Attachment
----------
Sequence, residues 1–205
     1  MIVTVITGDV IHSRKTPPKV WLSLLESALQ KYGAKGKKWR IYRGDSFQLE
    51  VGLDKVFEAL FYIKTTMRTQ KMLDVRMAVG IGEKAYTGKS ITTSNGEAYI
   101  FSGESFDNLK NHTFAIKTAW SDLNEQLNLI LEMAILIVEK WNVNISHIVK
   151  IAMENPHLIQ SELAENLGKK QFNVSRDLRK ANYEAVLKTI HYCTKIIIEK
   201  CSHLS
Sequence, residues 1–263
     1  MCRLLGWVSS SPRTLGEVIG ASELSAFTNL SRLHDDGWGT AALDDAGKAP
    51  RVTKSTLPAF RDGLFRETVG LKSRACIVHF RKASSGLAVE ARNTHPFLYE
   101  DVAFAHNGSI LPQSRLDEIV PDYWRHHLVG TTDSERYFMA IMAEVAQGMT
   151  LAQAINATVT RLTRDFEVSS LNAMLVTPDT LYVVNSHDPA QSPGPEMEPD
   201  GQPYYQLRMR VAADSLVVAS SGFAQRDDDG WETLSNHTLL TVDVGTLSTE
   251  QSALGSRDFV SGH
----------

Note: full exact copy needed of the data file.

Sequence, residues 1–205
     1  MIVTVITGDV IHSRKTPPKV WLSLLESALQ KYGAKGKKWR IYRGDSFQLE
    51  VGLDKVFEAL FYIKTTMRTQ KMLDVRMAVG IGEKAYTGKS ITTSNGEAYI
   101  FSGESFDNLK NHTFAIKTAW SDLNEQLNLI LEMAILIVEK WNVNISHIVK
   151  IAMENPHLIQ SELAENLGKK QFNVSRDLRK ANYEAVLKTI HYCTKIIIEK
   201  CSHLS
Sequence, residues 1–263
     1  MCRLLGWVSS SPRTLGEVIG ASELSAFTNL SRLHDDGWGT AALDDAGKAP
    51  RVTKSTLPAF RDGLFRETVG LKSRACIVHF RKASSGLAVE ARNTHPFLYE
   101  DVAFAHNGSI LPQSRLDEIV PDYWRHHLVG TTDSERYFMA IMAEVAQGMT
   151  LAQAINATVT RLTRDFEVSS LNAMLVTPDT LYVVNSHDPA QSPGPEMEPD
   201  GQPYYQLRMR VAADSLVVAS SGFAQRDDDG WETLSNHTLL TVDVGTLSTE
   251  QSALGSRDFV SGH